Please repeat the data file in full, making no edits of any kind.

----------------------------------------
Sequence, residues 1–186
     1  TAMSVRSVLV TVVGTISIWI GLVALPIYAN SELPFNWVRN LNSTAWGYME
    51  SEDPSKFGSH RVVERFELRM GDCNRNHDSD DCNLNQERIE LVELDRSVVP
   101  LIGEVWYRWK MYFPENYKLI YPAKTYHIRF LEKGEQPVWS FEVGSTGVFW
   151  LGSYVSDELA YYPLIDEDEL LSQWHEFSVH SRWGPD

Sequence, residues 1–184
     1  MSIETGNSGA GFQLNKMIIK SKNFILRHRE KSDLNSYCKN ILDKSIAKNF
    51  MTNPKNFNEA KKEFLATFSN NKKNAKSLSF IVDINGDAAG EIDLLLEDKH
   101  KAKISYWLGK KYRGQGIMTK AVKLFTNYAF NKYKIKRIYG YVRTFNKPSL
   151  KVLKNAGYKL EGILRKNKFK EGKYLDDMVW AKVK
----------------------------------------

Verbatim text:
Sequence, residues 1–186
     1  TAMSVRSVLV TVVGTISIWI GLVALPIYAN SELPFNWVRN LNSTAWGYME
    51  SEDPSKFGSH RVVERFELRM GDCNRNHDSD DCNLNQERIE LVELDRSVVP
   101  LIGEVWYRWK MYFPENYKLI YPAKTYHIRF LEKGEQPVWS FEVGSTGVFW
   151  LGSYVSDELA YYPLIDEDEL LSQWHEFSVH SRWGPD

Sequence, residues 1–184
     1  MSIETGNSGA GFQLNKMIIK SKNFILRHRE KSDLNSYCKN ILDKSIAKNF
    51  MTNPKNFNEA KKEFLATFSN NKKNAKSLSF IVDINGDAAG EIDLLLEDKH
   101  KAKISYWLGK KYRGQGIMTK AVKLFTNYAF NKYKIKRIYG YVRTFNKPSL
   151  KVLKNAGYKL EGILRKNKFK EGKYLDDMVW AKVK